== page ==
Literature

See also

References

  1. ^ a b "Kashmiri: A language of India". Ethnologue. Retrieved 2007.
  2. ^ Kashmiri at Ethnologue (22nd ed., 2019)
  3. ^ a b c d Sociolinguistics. Mouton de Gruyter. Retrieved 2009.
  4. ^ "Jammu, Kashmir & Ladakh: Ethno-linguistic areas". koshur.org. Retrieved 2007.
  5. ^ Hammarström, Harald; Forkel, Robert; Haspelmath, Martin, eds. (2017). "Kashmiri". Glottolog 3.0. Jena, Germany: Max Planck Institute for the Science of Human History.
  6. ^ Laurie Bauer, 2007, The Linguistics Student's Handbook, Edinburgh
  7. ^ Kashmiri at Ethnologue (20th ed., 2017)
  8. ^ "Abstract of speakers' strength of languages and mother tongues - 2011" (PDF). Retrieved 2018. The precise figures from the 2011 census are 6,554,36 for Kashmiri as a "mother tongue" and 6,797,587 for Kashmiri as a "language" (which includes closely related smaller dialects/languages).
  9. ^ "Koshur: An Introduction to Spoken Kashmiri". Kashmir News Network: Language Section (koshur.org). Retrieved 2007.
  10. ^ Snedden, Christopher (2015). Understanding Kashmir and Kashmiris. Oxford University Press. p. 23. ISBN 978-1-84904-622-0.
  11. ^ Shakil, Mohsin (2012). "Languages of Erstwhile State of Jammu Kashmir (A Preliminary Study)".
  12. ^ "Scheduled Languages of India". Central Institute of Indian Languages. Retrieved 2007.
  13. ^ "The Constitution of Jammu and Kashmir (India)" (PDF). General Administrative Department of the Government of Jammu & Kashmir (India). Archived from the original (PDF) on 7 May 2012. Retrieved 2007.
  14. ^ "Kashmiri made compulsory subject in schools". One India. Retrieved 2016.
  15. ^ "Koshur: Spoken Kashmiri: A Language Course: Transcription". Retrieved 2014.
  16. ^ Koul & Wali 2006, pp. 9-16.
  17. ^ a b c d K.L. Kalla, The Literary Heritage of Kashmir, Mittal Publications, ... Kashmiri alone of all the modern Indian languages preserves the dvi (Kashmiri du) of Sanskrit, in numbers such as dusatath (Sanskrit dvisaptati), dunamat (Sanskrit dvanavatih) ... the latter (Yodvai) is archaic and is to be come across mainly in the Vedas ...
  18. ^ "Sarada". Lawrence. Retrieved 2007.
  19. ^ "The Sharada Script: Origin and Development". Kashmiri Overseas Association. Archived from the original on 7 January 2010. Retrieved 2009.
  20. ^ "Kashmiri ( / )". Omniglot. Retrieved 2009.
  21. ^ Daniels & Bright (1996). The World's Writing Systems. pp. 753-754.
  22. ^ "Valley divide impacts Kashmiri, Pandit youth switch to Devnagari". Indian Express. Retrieved 2009.
  23. ^ "Devnagari Script for Kashmiri: A Study in its Necessity, Feasibility and Practicality". Kashmiri Overseas Association. Archived from the original on 3 January 2009. Retrieved 2009.
  24. ^ Government of India. (2009). Proposal to add six characters in the Devanagari block for representation of Kashmiri language in Devanagari script.
  25. ^ Pandey, Anshuman. (2009). Comments on India's Proposal to Add Devanagari Characters for Kashmiri.
  26. ^ The central vowels are typically transcribed ⟨?⟩ and ⟨u'⟩ when transliterating Arabic script, ⟨ö⟩ and ⟨ü⟩ when transliterating Nagari.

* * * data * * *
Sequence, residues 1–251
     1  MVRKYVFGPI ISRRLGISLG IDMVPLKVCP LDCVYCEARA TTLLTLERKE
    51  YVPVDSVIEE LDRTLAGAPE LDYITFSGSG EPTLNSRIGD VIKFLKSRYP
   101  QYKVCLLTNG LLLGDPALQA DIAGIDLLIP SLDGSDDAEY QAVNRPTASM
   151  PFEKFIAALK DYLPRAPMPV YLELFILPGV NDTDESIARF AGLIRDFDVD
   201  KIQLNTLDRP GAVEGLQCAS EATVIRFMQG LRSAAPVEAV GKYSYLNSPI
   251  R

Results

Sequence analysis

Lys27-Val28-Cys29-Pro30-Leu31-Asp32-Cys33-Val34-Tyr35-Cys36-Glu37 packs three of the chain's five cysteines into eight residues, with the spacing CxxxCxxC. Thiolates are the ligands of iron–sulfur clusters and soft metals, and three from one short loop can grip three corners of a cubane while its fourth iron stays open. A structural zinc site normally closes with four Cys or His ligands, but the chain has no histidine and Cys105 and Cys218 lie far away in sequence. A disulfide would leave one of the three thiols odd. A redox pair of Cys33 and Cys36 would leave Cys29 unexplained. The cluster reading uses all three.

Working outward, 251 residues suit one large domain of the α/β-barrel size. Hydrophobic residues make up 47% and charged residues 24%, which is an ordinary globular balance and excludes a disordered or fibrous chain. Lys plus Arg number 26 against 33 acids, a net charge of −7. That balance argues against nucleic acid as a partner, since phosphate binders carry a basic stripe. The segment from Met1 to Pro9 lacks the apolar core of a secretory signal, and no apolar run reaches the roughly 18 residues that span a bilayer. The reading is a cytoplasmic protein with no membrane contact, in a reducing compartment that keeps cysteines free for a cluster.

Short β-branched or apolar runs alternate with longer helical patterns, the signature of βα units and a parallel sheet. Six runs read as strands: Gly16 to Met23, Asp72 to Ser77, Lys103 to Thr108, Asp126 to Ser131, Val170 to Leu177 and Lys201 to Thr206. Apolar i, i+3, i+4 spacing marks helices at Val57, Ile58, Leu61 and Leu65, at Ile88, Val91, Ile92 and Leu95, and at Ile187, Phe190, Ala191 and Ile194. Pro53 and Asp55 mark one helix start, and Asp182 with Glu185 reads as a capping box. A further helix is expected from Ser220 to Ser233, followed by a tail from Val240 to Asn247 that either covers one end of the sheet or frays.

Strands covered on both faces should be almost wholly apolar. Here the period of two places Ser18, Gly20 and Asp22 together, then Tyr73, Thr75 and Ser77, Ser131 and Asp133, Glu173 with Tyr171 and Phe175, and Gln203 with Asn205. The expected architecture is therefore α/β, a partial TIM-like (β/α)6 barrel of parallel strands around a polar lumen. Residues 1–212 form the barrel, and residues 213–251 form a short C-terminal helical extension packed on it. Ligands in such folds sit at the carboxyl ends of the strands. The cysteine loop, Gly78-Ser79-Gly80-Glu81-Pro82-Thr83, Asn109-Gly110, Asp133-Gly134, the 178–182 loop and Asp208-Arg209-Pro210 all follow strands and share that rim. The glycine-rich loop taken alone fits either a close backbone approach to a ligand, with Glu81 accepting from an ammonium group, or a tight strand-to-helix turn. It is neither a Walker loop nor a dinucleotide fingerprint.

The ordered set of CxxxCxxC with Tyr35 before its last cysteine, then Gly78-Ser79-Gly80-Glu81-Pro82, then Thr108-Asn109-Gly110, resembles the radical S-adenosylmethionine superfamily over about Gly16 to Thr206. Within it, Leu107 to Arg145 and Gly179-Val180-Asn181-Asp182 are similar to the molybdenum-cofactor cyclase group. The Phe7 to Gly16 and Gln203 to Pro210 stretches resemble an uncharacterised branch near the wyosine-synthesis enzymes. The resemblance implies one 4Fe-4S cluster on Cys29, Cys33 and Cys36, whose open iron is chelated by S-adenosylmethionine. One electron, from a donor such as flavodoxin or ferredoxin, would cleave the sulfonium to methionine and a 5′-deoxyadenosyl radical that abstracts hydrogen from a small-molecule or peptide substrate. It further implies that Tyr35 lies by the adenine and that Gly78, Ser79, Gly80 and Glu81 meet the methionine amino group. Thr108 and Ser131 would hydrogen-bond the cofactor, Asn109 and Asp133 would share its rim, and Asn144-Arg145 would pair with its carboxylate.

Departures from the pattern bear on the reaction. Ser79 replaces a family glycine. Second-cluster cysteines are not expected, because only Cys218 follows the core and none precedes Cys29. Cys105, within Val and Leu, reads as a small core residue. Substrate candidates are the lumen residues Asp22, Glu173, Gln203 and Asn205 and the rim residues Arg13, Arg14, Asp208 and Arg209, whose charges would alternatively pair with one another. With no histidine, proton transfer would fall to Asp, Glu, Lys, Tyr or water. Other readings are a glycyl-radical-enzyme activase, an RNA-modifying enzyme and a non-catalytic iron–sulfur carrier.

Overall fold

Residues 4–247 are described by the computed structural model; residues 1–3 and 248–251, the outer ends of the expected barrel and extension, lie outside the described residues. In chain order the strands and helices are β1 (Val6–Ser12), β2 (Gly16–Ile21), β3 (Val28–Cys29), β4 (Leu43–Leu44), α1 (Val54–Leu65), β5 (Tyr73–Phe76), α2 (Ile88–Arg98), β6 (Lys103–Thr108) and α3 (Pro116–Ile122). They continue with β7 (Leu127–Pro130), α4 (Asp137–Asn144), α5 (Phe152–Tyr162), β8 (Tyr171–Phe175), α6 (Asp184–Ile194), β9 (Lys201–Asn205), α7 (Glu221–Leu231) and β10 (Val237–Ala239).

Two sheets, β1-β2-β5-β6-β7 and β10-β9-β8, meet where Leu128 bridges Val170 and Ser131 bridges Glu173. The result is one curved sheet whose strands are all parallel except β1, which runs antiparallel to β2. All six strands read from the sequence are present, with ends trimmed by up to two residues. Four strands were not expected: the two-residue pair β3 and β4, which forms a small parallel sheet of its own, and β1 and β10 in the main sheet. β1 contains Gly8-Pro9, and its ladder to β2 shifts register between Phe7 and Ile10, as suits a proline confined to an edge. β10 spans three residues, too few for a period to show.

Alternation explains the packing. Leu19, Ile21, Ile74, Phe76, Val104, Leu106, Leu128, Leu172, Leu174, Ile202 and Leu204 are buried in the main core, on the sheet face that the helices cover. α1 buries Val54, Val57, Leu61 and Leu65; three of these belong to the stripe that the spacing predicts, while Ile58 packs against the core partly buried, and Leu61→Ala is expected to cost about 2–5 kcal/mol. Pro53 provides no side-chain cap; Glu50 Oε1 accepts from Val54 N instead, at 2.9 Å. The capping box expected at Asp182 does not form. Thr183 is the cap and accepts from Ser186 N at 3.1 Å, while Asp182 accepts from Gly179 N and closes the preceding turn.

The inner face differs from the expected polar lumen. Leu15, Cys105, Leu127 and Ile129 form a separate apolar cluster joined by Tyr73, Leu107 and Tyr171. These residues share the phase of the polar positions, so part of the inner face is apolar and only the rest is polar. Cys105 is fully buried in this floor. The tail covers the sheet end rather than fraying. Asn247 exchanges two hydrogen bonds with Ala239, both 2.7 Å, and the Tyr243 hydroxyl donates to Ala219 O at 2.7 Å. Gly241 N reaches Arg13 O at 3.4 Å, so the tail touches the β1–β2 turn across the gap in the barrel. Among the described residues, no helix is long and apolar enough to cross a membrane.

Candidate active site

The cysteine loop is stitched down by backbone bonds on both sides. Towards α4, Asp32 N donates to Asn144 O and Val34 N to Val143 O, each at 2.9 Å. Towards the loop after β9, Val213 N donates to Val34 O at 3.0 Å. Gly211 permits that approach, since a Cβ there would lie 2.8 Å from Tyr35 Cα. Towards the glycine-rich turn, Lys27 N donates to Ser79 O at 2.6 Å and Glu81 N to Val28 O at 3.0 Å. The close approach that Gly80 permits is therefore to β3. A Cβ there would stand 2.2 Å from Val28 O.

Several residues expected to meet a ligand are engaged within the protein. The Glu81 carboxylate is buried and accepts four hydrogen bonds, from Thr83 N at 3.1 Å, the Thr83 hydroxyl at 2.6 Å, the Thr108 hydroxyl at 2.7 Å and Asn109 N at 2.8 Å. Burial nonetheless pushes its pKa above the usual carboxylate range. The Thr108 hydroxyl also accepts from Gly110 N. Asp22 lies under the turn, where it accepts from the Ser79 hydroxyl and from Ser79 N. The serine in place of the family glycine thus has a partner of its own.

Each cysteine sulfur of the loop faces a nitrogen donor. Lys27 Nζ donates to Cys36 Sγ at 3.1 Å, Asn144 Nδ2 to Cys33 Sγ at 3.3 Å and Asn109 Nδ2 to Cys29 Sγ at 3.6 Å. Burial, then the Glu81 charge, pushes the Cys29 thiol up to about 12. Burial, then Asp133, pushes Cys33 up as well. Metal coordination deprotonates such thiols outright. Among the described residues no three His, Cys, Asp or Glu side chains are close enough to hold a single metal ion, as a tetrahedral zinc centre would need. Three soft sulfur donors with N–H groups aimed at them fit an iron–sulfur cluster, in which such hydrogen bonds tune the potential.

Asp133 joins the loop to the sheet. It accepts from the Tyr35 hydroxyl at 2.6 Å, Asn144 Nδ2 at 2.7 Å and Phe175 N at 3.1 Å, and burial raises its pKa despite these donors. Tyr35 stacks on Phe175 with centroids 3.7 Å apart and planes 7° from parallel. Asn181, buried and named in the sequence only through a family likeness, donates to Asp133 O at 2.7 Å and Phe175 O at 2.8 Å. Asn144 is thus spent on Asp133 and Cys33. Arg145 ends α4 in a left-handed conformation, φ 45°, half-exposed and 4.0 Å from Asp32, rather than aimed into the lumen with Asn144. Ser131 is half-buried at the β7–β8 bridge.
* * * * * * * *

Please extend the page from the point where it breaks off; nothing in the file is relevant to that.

27. ^ Everson, Michael & Pravin Satpute. (2006). Proposal to add four characters for Kashmiri to the BMP of the UCS.
  28. ^ a b c Koul & Wali 2006, p. 25.
  29. ^ Koshur: An Introduction to Spoken Kashmiri (2002). Kashmir News Network, pp.80.
  30. ^ Koul & Wali 2006, p. ii.
  31. ^ a b Koul & Wali 2006, p. 28.
  32. ^ Koul & Wali 2006, pp. 26-28.
  33. ^ a b c Koul & Wali 2006, p. 31.
  34. ^ Wade 1888, p. 16.
  35. ^ Bhatt, Rajesh (2007)."Ergativity in Indo-Aryan Languages", MIT Ergativity Seminar, pp.6.
  36. ^ a b Koul & Wali 2006, p. 32.
  37. ^ Koul & Wali 2006, p. 39.
  38. ^ Wade 1888, pp. 10-15.
  39. ^ Koul & Wali 2006, pp. 83-84.
  40. ^ Koul & Wali 2006, p. 119.
  41. ^ Koul & Wali 2006, p. 84.
  42. ^ Koul & Wali 2006, p. 86.
  43. ^ a b c Koul & Wali 2006, p. 87.
  44. ^ Zakharyin, Boris (2015). "Indo-Aryan Ergativity and its Analogues in Languages of Central and Western Eurasia", The Pozna? Society for the Advancement of Arts and Sciences, PL ISSN 0079-4740, pp.66.
  45. ^ Koul & Wali 2006, pp. 89-90.
  46. ^ Koul & Wali 2006, pp. 91-92.
  47. ^ Koul & Wali 2006, p. 93.
  48. ^ Koul & Wali 2006, p. 94.
  49. ^ Koul & Wali 2006, pp. 94-95.
  50. ^ Koul & Wali 2006, pp. 96-97.
  51. ^ Koul & Wali 2006, pp. 96-99.
  52. ^ Koul & Wali 2006, pp. 100-101.
  53. ^ Koul & Wali 2006, p. 103.
  54. ^ a b Koul & Wali 2006, p. 105.
  55. ^ Koul & Wali 2006, p. 107.
  56. ^ Koul & Wali 2006, p. 108.
  57. ^ Koul & Wali 2006, p. 53.
  58. ^ Koul & Wali 2006, p. 52.
  59. ^ Koshur 2002, pp.79.
  60. ^ Wade 1888, p. 19.
  61. ^ a b Wade 1888, p. 20.
  62. ^ Koul & Wali 2006, p. 59.
  63. ^ Wade 1888, p. 21.
  64. ^ Keith Brown, Sarah Ogilvie, Concise encyclopedia of languages of the world, Elsevier, 2008, ISBN 978-0-08-087774-7, ... Kashmiri occupies a special position in the Dardic group, being probably the only dardic language that has a written literature dating back to the early 13th century ...
  65. ^ Krishna, Gopi (1967). Kundalini: The Evolutionary Energy in Man. Boston: Shambhala. p. 212. ISBN 978-1-57062-280-9.
  66. ^ John D. Bengtson, Harold Crane Fleming, In hot pursuit of language in prehistory: essays in the four fields of anthropology, John Benjamins Publishing Company, 2008, ISBN 978-90-272-3252-6, ... However, Gujarati as well as a Dardic language like Kashmiri still preserve the root alternation between subject and non-subject forms (but they replaced the derivative of the Sanskrit subject form ahám by new forms) ...

Bibliography

  • Chapter on Indo-Persian Literature in Kashmir in "The Rise, Growth And Decline Of Indo-Persian Literature" by R. M. Chopra, 2012, published by Iran Culture House, New Delhi. 2nd Edition 2013.
  • Koul, Omkar N.; Wali, Kashi (2006). Modern Kashmiri Grammar (PDF). Dunwoody Press.
  • Wade, TR (1888). A Grammar of the Kashmiri Language. SPCK.

External links